Kuwait Air Force Supermarine Swift FGA.4E

Gallery Article by Dave Bailey, aka The Rat on Jan 6 2017

Silly Week 2017


The withdrawal of British forces from Iraq in 1954 led to a number of different factions vying for power, and in 1958 a military take-over occurred which resulted in the death of many members of the Royal Family. This development was worrisome to their southern neighbour, Kuwait, as Iraq had long cast a glance toward it, and made dubious claims of historical ownership. 

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It was decided to modernise the Kuwaiti military, and procurement of aircraft and armour was a priority. The air force had taken note of the success of the Supermarine Swift during the Suez Crisis, when 56 Squadron RAF had put them to effective use as ground attack aircraft. This had led to a dedicated variant, the FGA.4. Modifications included wing fences to decrease the chance of pitch problems, and the addition of extra fuel. This was housed in tanks in the fuselage, utilising the internal space created when the engine had been changed from the centrifugal flow RR Nene to the axial flow Avon.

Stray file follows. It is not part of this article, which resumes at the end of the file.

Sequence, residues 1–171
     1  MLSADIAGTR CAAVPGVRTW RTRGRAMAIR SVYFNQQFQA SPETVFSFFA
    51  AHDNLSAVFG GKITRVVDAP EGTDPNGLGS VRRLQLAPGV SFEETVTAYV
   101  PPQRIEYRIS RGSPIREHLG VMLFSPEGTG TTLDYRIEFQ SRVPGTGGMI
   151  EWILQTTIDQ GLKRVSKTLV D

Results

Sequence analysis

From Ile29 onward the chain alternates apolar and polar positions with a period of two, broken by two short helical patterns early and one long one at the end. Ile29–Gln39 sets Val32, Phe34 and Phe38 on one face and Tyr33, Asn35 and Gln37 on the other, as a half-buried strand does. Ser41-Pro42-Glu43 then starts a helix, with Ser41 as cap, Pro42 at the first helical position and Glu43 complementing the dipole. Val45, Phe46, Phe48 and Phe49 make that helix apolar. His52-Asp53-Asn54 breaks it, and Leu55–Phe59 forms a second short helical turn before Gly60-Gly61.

The RAF had finally come to understand that the Swift would never be a high altitude performer, and decided that the FGA.4 would become their standard ground attack aircraft, freeing up Hawker Hunters for the high altitude fighter role, a task to which they were ably suited. An export version was designated the FGA.4E, and Kuwait ordered 30. Armament consisted of bombs and/or rockets, with the nose guns being retained for strafing and air combat.

Trials showed the predictable and chronic problems with hydraulic leakage, something which had plagued the Swift from its very beginnings. But the tireless efforts of Tiltman Langley Labs eventually got things down to a workable and efficient level, and led to the creation of Supermarine TL. This was a joint company which used personnel from each, and operated as a semi-independent entity. They became known around the world as trouble-shooters for the aviation industry, and many successful aircraft, and companies, owe their service lives to their work. 

Dave Bailey

Photos and text by Dave Bailey